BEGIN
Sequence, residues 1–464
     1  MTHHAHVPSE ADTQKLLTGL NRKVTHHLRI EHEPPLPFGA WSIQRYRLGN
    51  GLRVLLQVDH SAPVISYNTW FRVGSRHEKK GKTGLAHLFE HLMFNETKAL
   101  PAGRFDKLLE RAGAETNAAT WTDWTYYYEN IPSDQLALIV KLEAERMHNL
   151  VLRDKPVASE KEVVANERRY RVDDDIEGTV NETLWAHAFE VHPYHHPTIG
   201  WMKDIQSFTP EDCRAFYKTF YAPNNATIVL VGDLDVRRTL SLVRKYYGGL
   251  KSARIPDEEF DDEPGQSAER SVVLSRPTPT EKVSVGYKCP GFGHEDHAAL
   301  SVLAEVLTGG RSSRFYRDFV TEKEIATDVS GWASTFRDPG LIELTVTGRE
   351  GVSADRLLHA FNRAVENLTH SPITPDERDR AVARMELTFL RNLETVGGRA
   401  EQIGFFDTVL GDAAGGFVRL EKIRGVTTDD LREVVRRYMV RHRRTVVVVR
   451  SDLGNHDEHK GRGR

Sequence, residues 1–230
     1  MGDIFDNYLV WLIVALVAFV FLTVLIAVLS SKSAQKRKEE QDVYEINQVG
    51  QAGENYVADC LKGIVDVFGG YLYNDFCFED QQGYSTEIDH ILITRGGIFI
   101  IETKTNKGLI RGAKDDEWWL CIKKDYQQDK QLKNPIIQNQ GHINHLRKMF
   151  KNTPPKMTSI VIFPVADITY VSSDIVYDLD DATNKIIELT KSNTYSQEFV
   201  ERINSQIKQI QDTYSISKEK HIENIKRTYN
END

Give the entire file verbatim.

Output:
Sequence, residues 1–464
     1  MTHHAHVPSE ADTQKLLTGL NRKVTHHLRI EHEPPLPFGA WSIQRYRLGN
    51  GLRVLLQVDH SAPVISYNTW FRVGSRHEKK GKTGLAHLFE HLMFNETKAL
   101  PAGRFDKLLE RAGAETNAAT WTDWTYYYEN IPSDQLALIV KLEAERMHNL
   151  VLRDKPVASE KEVVANERRY RVDDDIEGTV NETLWAHAFE VHPYHHPTIG
   201  WMKDIQSFTP EDCRAFYKTF YAPNNATIVL VGDLDVRRTL SLVRKYYGGL
   251  KSARIPDEEF DDEPGQSAER SVVLSRPTPT EKVSVGYKCP GFGHEDHAAL
   301  SVLAEVLTGG RSSRFYRDFV TEKEIATDVS GWASTFRDPG LIELTVTGRE
   351  GVSADRLLHA FNRAVENLTH SPITPDERDR AVARMELTFL RNLETVGGRA
   401  EQIGFFDTVL GDAAGGFVRL EKIRGVTTDD LREVVRRYMV RHRRTVVVVR
   451  SDLGNHDEHK GRGR

Sequence, residues 1–230
     1  MGDIFDNYLV WLIVALVAFV FLTVLIAVLS SKSAQKRKEE QDVYEINQVG
    51  QAGENYVADC LKGIVDVFGG YLYNDFCFED QQGYSTEIDH ILITRGGIFI
   101  IETKTNKGLI RGAKDDEWWL CIKKDYQQDK QLKNPIIQNQ GHINHLRKMF
   151  KNTPPKMTSI VIFPVADITY VSSDIVYDLD DATNKIIELT KSNTYSQEFV
   201  ERINSQIKQI QDTYSISKEK HIENIKRTYN